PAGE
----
What are biofuels, advantages and disadvantages

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Currently, alternatives to conventional energy sources are becoming increasingly fashionable due to the amount of adverse effects they have on the planet. One of these alternative sources is biofuels, which already seems to carry a positive meaning in this field in its name. But do you know exactly what they are? What are they made of? What stage of development are they in right now? In Green Ecologist we reveal all the details you need to know in this article in which we tell you. What are biofuels, their advantages and its disadvantages.

What are biofuels

The biofuels, or also called biofuels, are mixtures of substances of organic origin that are used as fuels to obtain energy. They derive from biomass, that is, of organic matter that originates and accumulates during biological processes such as photosynthesis.

The advantage of biofuels is that, in addition to the fact that they can replace a part of the consumption of fossil fuels, reduce the impact produced by these, such as the levels of CO2 that are emitted into the atmosphere through its combustion. Really, the CO2 emission It is the same in both, the difference is that in the production and development process the materials that will produce the biomass for biofuels absorb this produced CO2.

To obtain biofuels, various plant species are used, such as:

  • The soy.
  • The corn.
  • Sugarcane.
  • Cassava.
  • Sunflower.
  • Eucalyptus
  • The Palm trees.
  • The pines.
  • Seaweed oil.

Classification and examples of biofuels

The biofuels can be classified into three large groups depending on the raw material used and the production process: first, second and third generation biofuels.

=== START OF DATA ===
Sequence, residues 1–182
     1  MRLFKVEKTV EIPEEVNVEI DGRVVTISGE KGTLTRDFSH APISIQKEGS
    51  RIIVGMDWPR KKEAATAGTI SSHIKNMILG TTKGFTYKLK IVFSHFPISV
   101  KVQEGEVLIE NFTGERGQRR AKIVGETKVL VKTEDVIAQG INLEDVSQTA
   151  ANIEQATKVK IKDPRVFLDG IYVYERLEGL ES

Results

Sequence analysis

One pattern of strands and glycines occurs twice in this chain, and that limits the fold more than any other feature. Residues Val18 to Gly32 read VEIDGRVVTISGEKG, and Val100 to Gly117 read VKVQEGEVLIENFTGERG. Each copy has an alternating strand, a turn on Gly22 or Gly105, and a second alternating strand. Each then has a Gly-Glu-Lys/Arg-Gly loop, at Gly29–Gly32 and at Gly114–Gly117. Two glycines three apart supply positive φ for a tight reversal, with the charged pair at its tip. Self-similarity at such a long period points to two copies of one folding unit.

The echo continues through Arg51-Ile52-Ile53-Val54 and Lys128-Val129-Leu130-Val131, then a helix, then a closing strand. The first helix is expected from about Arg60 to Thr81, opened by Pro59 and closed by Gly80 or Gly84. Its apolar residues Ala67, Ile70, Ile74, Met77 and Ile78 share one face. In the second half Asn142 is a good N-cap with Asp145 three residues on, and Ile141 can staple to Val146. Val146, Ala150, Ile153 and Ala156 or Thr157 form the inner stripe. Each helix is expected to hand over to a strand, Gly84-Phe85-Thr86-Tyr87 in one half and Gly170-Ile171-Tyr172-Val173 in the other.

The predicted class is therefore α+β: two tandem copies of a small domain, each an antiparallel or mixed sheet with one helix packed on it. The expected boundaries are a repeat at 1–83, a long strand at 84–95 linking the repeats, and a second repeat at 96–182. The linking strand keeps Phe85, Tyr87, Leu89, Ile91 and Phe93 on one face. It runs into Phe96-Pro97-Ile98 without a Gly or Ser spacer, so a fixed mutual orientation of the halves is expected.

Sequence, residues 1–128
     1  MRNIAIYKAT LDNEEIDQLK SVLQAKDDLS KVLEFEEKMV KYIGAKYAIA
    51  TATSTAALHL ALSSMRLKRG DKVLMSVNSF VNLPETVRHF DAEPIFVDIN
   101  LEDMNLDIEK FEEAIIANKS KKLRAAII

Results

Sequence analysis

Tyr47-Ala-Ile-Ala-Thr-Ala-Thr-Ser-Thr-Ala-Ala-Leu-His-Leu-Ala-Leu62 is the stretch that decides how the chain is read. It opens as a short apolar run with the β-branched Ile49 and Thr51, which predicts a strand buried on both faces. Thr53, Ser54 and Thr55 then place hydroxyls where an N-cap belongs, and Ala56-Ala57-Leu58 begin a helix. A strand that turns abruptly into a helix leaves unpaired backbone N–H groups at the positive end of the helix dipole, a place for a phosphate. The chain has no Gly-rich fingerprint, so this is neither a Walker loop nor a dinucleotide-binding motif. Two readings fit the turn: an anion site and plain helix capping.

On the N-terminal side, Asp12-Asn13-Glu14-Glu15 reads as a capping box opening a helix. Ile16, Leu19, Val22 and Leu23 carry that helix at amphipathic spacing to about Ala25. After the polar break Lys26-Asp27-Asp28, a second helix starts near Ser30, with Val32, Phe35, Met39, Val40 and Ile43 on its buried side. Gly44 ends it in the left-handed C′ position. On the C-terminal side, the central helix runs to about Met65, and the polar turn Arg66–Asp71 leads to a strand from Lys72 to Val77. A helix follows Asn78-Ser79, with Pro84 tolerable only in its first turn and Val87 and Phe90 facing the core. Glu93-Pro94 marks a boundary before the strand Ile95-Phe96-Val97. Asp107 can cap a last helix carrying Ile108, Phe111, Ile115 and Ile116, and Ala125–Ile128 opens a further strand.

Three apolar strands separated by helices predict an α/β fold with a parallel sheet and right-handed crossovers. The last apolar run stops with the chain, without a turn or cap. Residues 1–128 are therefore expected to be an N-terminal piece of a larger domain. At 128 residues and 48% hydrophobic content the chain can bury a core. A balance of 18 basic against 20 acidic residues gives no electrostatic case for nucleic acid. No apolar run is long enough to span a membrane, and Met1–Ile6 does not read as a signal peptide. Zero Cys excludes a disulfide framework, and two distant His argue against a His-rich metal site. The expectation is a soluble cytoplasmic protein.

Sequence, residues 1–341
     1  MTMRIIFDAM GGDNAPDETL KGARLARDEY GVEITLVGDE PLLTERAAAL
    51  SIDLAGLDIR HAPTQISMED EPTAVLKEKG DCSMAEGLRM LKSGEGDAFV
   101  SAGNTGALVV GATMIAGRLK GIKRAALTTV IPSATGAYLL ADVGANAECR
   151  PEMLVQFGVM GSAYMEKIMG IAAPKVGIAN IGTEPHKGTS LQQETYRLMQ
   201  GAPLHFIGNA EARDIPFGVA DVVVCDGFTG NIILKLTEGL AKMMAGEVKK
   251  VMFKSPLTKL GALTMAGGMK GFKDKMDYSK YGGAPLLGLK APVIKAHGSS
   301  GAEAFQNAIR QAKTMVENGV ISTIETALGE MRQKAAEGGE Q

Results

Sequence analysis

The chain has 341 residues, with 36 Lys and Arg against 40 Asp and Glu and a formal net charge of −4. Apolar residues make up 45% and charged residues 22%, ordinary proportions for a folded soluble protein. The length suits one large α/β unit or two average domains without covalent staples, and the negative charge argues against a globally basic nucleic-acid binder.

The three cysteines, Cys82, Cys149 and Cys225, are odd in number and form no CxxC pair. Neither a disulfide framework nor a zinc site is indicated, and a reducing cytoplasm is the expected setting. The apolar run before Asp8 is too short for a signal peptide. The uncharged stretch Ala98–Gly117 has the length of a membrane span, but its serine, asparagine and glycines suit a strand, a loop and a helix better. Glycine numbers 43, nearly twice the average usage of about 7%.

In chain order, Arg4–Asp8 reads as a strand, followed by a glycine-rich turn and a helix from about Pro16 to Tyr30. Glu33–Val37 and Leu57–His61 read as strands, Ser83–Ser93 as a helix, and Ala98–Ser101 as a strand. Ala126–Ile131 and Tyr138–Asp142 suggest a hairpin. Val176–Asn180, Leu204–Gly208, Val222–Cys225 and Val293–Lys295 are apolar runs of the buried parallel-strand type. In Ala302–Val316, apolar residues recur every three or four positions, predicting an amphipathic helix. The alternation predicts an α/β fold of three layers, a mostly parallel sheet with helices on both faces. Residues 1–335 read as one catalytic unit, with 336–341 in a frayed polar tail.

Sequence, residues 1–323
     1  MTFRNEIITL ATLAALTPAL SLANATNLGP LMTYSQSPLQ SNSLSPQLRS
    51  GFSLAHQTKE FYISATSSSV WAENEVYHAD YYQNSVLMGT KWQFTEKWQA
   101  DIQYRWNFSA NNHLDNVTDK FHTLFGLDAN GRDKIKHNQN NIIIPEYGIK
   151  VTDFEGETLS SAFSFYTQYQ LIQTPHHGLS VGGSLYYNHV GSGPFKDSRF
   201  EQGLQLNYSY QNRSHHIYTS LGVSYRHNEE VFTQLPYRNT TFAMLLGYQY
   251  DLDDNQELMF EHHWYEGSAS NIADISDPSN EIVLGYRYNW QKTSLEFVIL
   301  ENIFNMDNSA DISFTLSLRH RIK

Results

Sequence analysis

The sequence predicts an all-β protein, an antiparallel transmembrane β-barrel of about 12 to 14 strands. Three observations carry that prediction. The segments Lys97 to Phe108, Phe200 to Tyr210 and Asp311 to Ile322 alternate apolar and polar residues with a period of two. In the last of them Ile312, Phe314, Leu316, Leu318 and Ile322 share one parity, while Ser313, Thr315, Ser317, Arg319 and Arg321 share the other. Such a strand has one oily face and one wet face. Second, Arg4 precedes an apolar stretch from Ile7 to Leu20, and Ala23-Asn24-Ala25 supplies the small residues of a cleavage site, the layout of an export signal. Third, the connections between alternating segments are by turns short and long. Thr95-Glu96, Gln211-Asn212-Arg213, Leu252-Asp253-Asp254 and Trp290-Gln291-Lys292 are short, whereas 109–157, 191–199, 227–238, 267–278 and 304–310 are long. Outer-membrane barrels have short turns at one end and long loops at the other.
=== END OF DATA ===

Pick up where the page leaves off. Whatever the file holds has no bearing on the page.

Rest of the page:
• First generation biofuels: are those that have their origin in agricultural crops used to obtain products for human consumption such as sugar, starch, vegetable oil such as palm oil or animal fats. The production systems are simpler and cheaper, however, they have serious limitations as they could endanger the food supply, as well as biodiversity.
  • Second generation biofuels: arise due to the great demand for biofuels and are obtained from lignocellulosic biomass, that is, woody or fibrous in nature. For this reason, although they represent savings in emissions, their production is more expensive and complicated than that of the first generation. This group of biofuels is produced from crops that are not intended for food or that are considered waste such as used oil, stalks, fruit peels, casings or pods or wood chips.
  • Third generation biofuels: They also come from the biomass of inedible products or waste, but this category also includes microalgae. In this case, molecular biology techniques are used for its production.

Among the most popular, used and developed biofuels we can find:

  • The bioethanol: It is generated through the alcoholic fermentation of sugars found in some plant species such as sugar cane, beets or some cereal species.